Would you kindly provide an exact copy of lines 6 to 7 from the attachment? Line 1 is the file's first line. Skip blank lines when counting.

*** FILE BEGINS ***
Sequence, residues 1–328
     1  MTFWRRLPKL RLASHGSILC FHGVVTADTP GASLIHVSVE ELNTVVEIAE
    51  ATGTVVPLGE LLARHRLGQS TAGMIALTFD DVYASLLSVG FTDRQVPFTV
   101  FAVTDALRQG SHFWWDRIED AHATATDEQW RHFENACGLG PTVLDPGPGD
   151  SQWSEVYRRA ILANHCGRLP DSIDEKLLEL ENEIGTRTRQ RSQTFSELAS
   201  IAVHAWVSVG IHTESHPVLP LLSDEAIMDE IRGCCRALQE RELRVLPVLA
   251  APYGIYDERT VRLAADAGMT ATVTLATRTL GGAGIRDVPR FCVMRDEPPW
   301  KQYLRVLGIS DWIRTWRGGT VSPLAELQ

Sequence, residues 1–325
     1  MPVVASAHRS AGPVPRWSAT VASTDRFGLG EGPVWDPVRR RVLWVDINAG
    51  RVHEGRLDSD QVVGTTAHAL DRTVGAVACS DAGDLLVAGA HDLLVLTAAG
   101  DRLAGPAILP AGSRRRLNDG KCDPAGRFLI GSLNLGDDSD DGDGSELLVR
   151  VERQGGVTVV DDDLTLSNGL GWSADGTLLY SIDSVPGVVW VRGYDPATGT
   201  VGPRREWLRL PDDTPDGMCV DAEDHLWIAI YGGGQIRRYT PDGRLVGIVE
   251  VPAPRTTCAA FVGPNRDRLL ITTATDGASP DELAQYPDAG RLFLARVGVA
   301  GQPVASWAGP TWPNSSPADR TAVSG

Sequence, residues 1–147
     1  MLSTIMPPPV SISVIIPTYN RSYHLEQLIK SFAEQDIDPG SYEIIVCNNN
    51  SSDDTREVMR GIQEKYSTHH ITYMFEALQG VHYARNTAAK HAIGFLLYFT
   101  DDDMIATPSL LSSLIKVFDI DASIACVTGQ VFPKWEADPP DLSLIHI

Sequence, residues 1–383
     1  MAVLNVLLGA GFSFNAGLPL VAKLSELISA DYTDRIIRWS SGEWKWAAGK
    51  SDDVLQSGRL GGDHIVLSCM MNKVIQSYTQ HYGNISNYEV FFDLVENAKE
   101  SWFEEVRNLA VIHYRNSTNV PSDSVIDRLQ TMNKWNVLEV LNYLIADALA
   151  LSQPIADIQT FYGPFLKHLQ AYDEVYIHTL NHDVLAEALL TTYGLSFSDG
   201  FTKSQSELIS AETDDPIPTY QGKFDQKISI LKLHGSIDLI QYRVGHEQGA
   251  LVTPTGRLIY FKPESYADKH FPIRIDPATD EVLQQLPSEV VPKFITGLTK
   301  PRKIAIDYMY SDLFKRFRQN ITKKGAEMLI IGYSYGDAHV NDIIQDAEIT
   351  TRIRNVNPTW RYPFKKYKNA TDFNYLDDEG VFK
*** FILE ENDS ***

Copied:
   201  IAVHAWVSVG IHTESHPVLP LLSDEAIMDE IRGCCRALQE RELRVLPVLA
   251  APYGIYDERT VRLAADAGMT ATVTLATRTL GGAGIRDVPR FCVMRDEPPW